Montana Outdoors

March 9, 2008

The lichens at Burgess Lake

Filed under: Environment, Lichens, Montana, Nature, Outdoors, Photography, Photos, Pictures — Tags: , , — montucky @ 10:37 am

The trail up to and the terrain immediately surrounding Burgess Lake is composed almost completely of rocks, and I was very much struck by the variety and beautiful colors of the lichens that cover literally all of them. My knowledge of lichens is sadly deficient, but I know that there are folks like my friend Beyenburgerin who are quite interested in them and much more knowledgeable than I, and since she reminded me of the beauty that many of them possess, I will post some of the photos that I brought back from my recent visit to the lake.

There are also some gorgeous areas of moss along the trail as it ascends through its small ravine, and this is how one section of it appears:

Burgess Lake moss

Now, the lichen art gallery:

Lichens

Lichens

Lichens
Lichens and moss
Lichens

Lichens

Lichens

Lichens

Lichens

Something to remember:

Lichens growing on rocks take many years, even hundreds of years, to establish their homes and when a careless placement of your hiking boot dislodges a patch of lichen from a rock, you may be undoing the patient work of centuries.

( In order to make the uploading process quicker, with the exception of the first and fifth photo, I uploaded to flickr only a small version of the photos. If anyone is interested in the full size version, I will be happy to provide it on request.)

29 Comments »

  1. The Montana Fish, Wildlife and Parks department has a library which has put their catalog online at http://fwp.mt.gov/insidefwp/fwplibrary/wildlifelib/referencelistwild.asp. They seemed to have decent looking resources on Lichens for further research, including:

    BENTON, F., I. M. BRODO, AND D. H. S. RICHARDSON ,LICHENS OF THE BAMFIELD MARINE STATION, VANCOUVER ISLAND, BRITISH COLUMBIA, 1977
    FAHSELT, D. ,LICHENS AND MOSSES OF THE ORISKANY SANDSTONE OUTCROP, SOUTHERN ONTARIO, 1980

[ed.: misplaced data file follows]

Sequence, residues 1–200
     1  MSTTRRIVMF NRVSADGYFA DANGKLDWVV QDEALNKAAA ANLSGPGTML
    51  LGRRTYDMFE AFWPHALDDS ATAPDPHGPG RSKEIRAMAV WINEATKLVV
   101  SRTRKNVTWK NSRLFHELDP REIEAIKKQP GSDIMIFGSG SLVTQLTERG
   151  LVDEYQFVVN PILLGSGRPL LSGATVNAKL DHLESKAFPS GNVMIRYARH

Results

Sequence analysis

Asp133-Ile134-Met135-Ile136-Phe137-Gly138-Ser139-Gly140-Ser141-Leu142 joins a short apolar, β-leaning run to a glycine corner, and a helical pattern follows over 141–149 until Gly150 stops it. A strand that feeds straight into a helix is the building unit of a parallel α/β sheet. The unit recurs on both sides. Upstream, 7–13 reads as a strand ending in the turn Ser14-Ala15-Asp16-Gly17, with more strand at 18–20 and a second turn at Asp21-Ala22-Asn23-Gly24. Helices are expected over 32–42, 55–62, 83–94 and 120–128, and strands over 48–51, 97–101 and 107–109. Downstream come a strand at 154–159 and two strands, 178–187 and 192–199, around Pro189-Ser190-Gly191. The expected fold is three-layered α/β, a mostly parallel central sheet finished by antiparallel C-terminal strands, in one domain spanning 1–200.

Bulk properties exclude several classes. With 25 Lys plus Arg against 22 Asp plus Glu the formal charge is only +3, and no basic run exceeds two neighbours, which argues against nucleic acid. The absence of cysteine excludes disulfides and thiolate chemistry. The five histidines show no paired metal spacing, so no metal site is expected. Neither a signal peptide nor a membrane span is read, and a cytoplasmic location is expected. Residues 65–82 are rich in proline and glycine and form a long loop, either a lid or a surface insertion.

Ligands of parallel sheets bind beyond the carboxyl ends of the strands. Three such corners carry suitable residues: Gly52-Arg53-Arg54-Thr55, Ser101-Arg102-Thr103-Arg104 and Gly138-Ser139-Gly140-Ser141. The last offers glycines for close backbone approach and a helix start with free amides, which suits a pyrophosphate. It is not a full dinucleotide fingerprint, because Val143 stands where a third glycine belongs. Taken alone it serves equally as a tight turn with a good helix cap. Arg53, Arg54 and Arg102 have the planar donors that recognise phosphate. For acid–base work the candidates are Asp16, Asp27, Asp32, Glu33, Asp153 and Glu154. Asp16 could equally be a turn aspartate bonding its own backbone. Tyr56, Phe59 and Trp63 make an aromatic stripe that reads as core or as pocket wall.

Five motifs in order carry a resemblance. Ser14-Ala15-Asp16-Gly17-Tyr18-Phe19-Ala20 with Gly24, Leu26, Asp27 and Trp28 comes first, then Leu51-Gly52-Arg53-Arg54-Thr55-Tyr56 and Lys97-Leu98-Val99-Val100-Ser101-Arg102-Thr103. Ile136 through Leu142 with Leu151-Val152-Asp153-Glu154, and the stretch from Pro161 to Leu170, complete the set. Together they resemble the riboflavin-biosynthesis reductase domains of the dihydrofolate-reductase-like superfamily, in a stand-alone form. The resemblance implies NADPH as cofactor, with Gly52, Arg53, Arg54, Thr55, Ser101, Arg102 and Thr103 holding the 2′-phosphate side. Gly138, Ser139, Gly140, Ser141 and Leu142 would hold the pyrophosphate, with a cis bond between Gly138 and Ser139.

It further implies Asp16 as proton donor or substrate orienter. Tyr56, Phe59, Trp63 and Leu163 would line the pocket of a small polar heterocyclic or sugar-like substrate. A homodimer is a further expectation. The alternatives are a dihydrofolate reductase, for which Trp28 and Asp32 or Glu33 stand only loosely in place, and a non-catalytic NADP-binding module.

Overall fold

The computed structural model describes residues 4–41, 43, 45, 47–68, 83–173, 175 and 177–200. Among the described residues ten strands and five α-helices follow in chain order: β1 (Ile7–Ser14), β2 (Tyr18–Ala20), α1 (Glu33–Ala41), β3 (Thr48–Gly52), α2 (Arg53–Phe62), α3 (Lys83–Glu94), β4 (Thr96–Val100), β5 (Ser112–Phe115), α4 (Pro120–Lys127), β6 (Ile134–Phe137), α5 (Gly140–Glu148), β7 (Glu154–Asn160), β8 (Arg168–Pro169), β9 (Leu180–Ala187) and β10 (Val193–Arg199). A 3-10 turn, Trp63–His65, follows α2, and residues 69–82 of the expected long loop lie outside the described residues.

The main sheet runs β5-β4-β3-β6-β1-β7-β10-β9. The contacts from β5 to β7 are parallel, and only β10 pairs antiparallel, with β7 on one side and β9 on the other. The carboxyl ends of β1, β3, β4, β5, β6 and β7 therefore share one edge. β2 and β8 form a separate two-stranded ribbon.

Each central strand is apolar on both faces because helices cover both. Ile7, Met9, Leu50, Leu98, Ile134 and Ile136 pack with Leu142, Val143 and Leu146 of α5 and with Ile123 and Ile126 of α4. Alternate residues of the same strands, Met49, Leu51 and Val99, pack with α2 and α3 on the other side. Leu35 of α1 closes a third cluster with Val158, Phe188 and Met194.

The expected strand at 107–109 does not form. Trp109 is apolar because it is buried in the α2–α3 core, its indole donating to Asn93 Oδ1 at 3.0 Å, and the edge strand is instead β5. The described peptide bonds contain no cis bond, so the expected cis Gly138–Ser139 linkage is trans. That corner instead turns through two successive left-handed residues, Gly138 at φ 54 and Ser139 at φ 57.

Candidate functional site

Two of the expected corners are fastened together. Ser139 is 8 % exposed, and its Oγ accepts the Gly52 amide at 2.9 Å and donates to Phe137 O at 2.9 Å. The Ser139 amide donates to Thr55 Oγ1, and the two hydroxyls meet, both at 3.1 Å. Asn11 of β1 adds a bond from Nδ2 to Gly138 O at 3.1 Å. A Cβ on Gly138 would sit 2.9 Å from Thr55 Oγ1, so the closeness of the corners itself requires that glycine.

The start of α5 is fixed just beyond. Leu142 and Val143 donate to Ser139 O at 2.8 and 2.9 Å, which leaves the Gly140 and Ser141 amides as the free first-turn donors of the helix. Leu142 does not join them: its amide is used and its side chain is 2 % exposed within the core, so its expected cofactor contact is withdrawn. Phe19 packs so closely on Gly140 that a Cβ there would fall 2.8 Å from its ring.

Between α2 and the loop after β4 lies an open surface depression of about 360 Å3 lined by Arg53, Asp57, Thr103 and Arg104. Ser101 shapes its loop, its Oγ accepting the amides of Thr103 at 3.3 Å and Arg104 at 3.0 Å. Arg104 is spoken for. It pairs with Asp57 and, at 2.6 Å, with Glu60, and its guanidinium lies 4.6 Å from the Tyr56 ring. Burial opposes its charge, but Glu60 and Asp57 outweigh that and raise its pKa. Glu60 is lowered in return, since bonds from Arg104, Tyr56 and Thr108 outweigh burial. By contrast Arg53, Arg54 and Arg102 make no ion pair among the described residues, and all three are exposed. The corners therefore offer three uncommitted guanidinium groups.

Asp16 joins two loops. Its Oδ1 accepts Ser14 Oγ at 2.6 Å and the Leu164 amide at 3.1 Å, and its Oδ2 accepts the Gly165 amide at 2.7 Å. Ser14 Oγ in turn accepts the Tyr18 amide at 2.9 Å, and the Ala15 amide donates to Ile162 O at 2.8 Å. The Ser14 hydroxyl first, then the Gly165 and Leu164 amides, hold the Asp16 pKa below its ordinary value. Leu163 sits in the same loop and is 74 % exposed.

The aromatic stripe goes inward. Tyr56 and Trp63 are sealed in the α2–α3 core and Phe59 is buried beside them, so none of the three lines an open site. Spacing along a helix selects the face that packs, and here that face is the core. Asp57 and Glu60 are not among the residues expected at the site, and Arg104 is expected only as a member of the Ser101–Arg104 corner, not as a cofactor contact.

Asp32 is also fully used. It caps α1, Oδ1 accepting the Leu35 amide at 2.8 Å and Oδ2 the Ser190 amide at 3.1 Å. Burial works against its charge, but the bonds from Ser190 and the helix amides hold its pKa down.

HODGEMAN, T. P., AND R. TERRY BOWYER ,WINTER USE OF ARBOREAL LICHENS, ASCOMYCETES, BY WHITE-TAILED DEER, ODOCOILEUS VIRGINIANUS, IN MAINE, 1985
    Hodgman, T. P. and R. T. Bowyer. ,Winter use of arboreal lichens, ASCOMYCETES, by white-tailed deer, ODOCOILEUS VIRGINIANUS, in Maine. Canadian Field Naturalist 99(3):313-316., 1985
    HOEFS, M., AND J. W. THOMSON ,LICHENS FROM THE KLUANE GAME SANCTUARY, S. W. YUKON TERRITORY, 1972
    Salix, Jessie ,Lichens and Their Distribution in Lewis and Clark Caverns State Park, 2004
    SCHARF, C. S. ,BIRDS AND MAMMALS AS PASSIVE TRANSPORTERS FOR ALGAE FOUND IN LICHENS, 1978
    Schubloom, Lisa A. ,Lichens as Air Quality Indicators in Three Areas of SW MT: Lichen Floristics and Elemental Analysis, 1995
    THOMSON, J. W., AND G. W. SCOTTER ,LICHENS OF EASTERN AXEL HEIBERG ISLAND AND THE FOSHEIM PENINSULA, ELLESMERE ISLAND, NORTHWEST TERRITORIES, 1985
    THOMSON, J. W., AND G. W. SCOTTER ,LICHENS OF THE CAPE PARRY AND MELVILLE HILLS REGIONS, NORTHWEST TERRITORIES, 1992
    WONG, P. Y., AND I. M. BRODO ,ROCK-INHABITING LICHENS OF THE FRONTENAC AXIS, ONTARIO, 1973

    The State of Montana produces a number of databases on different subjects that might come in handy one day. You can find a list of them at http://wikis.ala.org/godort/index.php/Montana.

    Like

    Comment by Daniel Cornwall — March 9, 2008 @ 11:19 am

  2. Daniel,

    Thank you very much for the references! I (and hopefully other readers) will find them very useful! I was unaware of those resources.

    Like

    Comment by montucky — March 9, 2008 @ 11:37 am

  3. […] Around Des Moines added an interesting post on The lichens at Burgess LakeHere’s a small excerpt […]

    Like

    Pingback by Media Districts Entertainment Blog » The lichens at Burgess Lake — March 9, 2008 @ 11:39 am

  4. I love your blog, Montucky. I can go all over and find mountains and sunsets, but I LOVE visiting here so I can see moss and lichens and other such minutia of nature. Hey, I love fungi – got any of those??? 🙂

    Like

    Comment by barbara — March 9, 2008 @ 12:19 pm

  5. Thanks a lot for sharing those photos. I just wonder about those rusty-colour stones. In some areas, the stones don’t contain iron, but are completely covered with lichen looking like rust. It is so amazing. You would never think that the colour might be created by lichens as well.

    Greetings from Germany

    Brigitte

    Like

    Comment by beyenburgerin — March 9, 2008 @ 12:52 pm

  6. I think my favorite shot is the 4th from the top. Stunning!

    Like

    Comment by WordVixen — March 9, 2008 @ 2:04 pm

  7. Wow! The readers of Learning in the Great Outdoors, the carnival of environmental education, would love your posts. I hope you will submit a few occasionally!

    http://web.mac.com/terrellshaw/iWeb/Outdoors/

    Like

    Comment by Terrell — March 9, 2008 @ 2:11 pm